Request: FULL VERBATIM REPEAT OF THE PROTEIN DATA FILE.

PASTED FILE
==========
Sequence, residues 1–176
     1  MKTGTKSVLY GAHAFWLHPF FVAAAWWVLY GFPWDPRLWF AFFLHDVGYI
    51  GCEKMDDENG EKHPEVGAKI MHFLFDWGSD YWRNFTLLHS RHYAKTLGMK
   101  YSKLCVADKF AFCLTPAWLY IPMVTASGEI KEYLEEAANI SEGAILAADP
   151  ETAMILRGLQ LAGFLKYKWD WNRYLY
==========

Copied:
Sequence, residues 1–176
     1  MKTGTKSVLY GAHAFWLHPF FVAAAWWVLY GFPWDPRLWF AFFLHDVGYI
    51  GCEKMDDENG EKHPEVGAKI MHFLFDWGSD YWRNFTLLHS RHYAKTLGMK
   101  YSKLCVADKF AFCLTPAWLY IPMVTASGEI KEYLEEAANI SEGAILAADP
   151  ETAMILRGLQ LAGFLKYKWD WNRYLY